- IF NOT, the out-of-state team will need to complete enrollment BEFORE appointments or tests, such as imaging, can be scheduled at an out-of-state location.
- This goes for every individual specialist that will be seeing you or your child.
- Why does this matter? If these individuals are not properly enrolled, claims will be denied and the institution will not get paid for services rendered.
- For those with commercial insurance, this may also be an issue; if this is not properly done on the front-end, insurance can deny service all together and leave you with the entire bill to be paid as “out of network.”
- Understand what your local healthcare team can provide versus what you can complete at the out-of-state clinic. All services to be completed out of state need to be documented on the referral form to obtain insurance approval on the front end.
- EVERYTHING must be approved by the state of residency’s insurance before out-of-state care can be given. Most of this is done behind the scenes and families are usually unaware of this process, but it is a common reason why things get denied “last minute.” Per Medicaid guidelines, many procedures and tests cannot even receive prior authorization too far in advance before a test. Thus, you cannot have something pre-authorized in April for an encounter in November. Most institutions have a policy on this; typically, they begin the submission of pre-approval paperwork 7-14 days before an appointment. This is why it’s very important to ensure perfect accuracy in the information you provide (local provider name, insurance information, etc.).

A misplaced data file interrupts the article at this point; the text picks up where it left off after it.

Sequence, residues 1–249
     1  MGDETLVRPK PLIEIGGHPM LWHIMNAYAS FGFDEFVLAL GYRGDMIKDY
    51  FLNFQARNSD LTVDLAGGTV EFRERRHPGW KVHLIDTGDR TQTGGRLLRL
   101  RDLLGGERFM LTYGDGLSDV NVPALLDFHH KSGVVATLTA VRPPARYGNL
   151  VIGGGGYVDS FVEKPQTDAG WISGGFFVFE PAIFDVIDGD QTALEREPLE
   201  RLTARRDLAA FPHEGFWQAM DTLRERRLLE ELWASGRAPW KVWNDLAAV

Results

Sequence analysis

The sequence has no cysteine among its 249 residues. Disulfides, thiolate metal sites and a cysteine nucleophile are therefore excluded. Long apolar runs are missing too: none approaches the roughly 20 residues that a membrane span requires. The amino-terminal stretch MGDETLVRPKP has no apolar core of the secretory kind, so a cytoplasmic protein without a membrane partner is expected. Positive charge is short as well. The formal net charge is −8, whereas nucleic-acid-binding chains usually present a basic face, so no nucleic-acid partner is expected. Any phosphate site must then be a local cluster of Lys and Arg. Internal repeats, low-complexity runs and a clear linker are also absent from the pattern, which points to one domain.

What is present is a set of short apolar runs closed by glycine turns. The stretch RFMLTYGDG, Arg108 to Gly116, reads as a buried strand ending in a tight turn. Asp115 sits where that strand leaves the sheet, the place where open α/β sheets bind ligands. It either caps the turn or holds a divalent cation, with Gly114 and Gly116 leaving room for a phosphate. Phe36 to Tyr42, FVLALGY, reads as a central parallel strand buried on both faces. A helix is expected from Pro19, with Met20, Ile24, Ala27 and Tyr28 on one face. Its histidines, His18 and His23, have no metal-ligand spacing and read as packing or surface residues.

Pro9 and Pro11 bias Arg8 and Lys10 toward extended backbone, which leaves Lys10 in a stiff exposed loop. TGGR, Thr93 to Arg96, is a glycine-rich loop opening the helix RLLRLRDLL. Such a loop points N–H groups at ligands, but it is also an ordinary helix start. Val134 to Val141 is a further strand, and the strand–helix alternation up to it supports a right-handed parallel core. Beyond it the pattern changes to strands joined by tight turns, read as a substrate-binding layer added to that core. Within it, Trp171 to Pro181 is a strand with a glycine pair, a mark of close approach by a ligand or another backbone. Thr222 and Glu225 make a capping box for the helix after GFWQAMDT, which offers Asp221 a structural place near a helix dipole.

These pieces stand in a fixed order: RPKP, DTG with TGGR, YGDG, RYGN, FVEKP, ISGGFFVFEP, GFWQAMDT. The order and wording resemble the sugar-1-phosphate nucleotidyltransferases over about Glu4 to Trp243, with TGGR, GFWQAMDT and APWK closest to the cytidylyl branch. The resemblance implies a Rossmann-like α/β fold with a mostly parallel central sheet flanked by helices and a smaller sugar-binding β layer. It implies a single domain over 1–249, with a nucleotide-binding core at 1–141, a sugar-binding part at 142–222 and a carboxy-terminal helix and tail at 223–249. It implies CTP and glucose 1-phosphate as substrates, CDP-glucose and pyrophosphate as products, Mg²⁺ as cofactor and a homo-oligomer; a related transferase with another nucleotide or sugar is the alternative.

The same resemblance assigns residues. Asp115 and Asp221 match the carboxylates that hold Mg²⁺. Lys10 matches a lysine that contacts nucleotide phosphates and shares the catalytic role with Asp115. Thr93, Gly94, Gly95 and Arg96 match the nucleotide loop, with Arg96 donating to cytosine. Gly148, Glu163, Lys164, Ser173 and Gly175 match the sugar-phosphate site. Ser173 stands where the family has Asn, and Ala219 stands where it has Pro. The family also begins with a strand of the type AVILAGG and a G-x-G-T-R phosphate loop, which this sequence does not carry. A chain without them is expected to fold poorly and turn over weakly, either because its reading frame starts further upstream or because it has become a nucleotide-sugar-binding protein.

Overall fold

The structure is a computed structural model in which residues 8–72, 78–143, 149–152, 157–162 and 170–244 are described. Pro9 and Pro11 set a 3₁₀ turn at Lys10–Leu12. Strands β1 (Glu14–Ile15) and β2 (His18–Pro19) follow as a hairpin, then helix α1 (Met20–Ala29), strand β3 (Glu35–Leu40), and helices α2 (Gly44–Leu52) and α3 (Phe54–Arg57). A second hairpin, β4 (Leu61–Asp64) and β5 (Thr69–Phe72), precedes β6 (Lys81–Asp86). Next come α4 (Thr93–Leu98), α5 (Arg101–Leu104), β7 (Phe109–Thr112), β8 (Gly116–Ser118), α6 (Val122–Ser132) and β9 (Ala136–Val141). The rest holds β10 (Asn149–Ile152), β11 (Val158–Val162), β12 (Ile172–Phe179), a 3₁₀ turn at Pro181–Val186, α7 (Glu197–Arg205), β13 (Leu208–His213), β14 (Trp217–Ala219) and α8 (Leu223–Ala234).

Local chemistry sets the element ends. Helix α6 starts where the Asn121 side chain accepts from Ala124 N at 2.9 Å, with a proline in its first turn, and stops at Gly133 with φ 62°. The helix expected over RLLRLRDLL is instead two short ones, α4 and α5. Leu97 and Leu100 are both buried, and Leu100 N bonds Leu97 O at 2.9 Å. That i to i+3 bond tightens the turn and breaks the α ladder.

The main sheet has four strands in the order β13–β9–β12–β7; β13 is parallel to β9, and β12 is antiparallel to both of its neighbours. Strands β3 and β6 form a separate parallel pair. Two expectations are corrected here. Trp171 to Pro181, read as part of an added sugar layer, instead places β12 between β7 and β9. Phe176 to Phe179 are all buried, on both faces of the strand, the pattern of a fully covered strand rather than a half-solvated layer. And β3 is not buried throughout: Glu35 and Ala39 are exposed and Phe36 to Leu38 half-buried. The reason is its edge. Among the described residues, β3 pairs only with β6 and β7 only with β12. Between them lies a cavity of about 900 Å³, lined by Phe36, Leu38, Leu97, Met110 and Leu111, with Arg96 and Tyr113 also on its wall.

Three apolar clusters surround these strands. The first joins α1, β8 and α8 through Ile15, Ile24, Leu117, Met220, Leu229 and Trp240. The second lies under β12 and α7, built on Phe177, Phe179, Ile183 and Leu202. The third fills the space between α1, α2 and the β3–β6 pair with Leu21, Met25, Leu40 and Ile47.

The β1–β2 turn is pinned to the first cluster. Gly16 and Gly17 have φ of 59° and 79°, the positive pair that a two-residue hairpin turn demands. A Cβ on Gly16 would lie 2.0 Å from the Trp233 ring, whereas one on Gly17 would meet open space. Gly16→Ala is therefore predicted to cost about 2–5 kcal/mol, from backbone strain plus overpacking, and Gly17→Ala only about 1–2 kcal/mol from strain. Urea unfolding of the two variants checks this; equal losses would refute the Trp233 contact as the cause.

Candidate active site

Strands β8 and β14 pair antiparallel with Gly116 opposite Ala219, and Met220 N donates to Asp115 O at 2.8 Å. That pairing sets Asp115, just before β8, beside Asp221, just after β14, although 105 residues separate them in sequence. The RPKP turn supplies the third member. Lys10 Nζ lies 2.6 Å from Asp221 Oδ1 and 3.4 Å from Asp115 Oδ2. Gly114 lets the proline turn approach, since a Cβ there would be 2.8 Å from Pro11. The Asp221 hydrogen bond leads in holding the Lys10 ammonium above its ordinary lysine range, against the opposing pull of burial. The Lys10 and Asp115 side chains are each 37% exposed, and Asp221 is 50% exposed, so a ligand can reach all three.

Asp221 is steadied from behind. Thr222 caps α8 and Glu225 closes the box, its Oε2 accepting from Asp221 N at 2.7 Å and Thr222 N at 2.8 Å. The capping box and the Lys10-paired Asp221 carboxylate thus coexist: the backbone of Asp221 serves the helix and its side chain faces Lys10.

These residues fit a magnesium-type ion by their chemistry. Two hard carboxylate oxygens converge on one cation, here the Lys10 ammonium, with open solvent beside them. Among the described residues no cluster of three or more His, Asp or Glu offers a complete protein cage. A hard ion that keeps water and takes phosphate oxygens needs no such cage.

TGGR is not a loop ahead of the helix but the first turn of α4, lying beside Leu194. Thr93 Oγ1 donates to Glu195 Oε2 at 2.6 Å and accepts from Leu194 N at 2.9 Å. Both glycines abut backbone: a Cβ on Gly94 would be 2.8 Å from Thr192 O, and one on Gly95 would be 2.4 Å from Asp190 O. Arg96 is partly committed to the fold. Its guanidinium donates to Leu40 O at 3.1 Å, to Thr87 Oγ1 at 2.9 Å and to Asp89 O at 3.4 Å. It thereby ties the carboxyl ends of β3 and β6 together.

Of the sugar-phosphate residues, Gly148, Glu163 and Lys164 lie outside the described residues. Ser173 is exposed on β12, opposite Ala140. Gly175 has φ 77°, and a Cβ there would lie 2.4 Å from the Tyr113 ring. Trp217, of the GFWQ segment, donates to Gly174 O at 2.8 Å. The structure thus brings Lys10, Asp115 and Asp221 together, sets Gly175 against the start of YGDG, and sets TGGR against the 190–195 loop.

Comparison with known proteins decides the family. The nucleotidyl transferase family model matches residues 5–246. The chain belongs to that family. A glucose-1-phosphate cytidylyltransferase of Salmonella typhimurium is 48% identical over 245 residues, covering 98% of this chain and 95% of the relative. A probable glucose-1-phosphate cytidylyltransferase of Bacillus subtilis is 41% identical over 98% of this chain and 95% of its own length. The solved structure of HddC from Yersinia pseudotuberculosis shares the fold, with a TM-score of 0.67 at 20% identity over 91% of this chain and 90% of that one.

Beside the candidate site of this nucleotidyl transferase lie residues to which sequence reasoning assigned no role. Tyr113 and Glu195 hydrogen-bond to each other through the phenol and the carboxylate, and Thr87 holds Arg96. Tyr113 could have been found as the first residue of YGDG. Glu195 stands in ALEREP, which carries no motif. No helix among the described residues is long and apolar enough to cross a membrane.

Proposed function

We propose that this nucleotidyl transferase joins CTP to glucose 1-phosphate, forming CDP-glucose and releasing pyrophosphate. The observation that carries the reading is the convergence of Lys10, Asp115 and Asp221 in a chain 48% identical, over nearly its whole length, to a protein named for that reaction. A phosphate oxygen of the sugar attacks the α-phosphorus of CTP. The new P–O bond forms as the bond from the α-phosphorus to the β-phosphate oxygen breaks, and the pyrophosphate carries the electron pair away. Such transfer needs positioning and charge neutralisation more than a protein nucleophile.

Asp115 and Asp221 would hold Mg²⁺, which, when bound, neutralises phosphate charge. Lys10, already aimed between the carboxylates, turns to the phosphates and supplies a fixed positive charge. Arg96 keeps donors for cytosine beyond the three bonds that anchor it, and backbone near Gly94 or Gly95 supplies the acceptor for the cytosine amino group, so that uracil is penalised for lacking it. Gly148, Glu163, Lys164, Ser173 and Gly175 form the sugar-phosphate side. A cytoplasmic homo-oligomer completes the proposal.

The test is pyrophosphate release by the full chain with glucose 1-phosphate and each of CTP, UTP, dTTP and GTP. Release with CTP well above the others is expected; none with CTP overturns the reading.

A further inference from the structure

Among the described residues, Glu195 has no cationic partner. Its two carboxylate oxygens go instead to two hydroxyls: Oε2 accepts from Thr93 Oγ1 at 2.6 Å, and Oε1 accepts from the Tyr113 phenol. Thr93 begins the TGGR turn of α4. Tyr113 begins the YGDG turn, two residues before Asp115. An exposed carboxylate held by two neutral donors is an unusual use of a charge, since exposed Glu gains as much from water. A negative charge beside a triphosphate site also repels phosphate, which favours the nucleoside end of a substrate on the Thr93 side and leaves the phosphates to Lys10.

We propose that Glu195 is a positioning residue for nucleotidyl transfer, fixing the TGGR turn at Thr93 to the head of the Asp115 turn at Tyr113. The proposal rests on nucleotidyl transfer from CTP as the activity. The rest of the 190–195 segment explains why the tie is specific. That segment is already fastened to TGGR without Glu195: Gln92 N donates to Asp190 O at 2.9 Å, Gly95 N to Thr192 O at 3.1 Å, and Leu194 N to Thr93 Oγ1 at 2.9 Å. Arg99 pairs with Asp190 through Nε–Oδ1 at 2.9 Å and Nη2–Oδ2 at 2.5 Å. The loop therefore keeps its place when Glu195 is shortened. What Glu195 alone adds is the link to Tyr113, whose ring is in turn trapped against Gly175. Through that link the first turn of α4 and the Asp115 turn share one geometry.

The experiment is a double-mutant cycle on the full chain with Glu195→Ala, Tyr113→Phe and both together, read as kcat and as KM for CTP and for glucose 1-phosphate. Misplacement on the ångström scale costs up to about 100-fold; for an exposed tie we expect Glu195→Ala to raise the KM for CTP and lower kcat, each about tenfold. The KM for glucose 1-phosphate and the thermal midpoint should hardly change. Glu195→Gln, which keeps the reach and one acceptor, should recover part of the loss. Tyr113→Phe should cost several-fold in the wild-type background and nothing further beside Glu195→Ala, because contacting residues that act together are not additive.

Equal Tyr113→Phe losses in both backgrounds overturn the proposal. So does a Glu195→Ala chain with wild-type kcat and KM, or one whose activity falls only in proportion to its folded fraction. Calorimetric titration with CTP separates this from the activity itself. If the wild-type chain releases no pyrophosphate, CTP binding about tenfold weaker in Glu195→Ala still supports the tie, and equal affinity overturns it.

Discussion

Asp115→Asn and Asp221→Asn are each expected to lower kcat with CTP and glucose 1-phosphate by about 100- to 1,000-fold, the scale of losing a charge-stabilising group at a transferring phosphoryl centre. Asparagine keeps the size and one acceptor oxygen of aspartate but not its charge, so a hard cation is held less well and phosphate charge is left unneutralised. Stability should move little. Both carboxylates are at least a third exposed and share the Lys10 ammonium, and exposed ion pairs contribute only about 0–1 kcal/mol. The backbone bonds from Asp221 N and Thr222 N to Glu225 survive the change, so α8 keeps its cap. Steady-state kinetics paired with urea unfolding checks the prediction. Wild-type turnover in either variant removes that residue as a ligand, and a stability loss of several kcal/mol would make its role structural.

Prescription drug plans are part of all commercial and government insurance plans in the United States; however, each plan is different per corporation / organization and state. When starting to understand your coverage you should immediately get familiar with your plan’s prescription drug list known as a PDL. This list will not only list what medications will be covered under your plan (called a formulary), but what category or “tier” each of these medications are listed into. Tiers represent a cost level. There are 4 tiers to a formulary list, tier 1 being the lowest cost and tier 4 being the highest cost. Tiers 1 – 3 usually require some co-pay, and it is not uncommon to have your co–pay cost listed on your pharmacy drug card. Most of these medications are generic, and brand name medications are often higher up on the tier list. If you have Medicaid or Medicare, it is not uncommon for your insurance to cover brand names. Some states have restrictions on how many brand-named drugs you can use per month (this included antibiotics). Tier 4, also known as the “specialty tier,” is where most specialty medications for rare diseases and new epilepsy medications are found.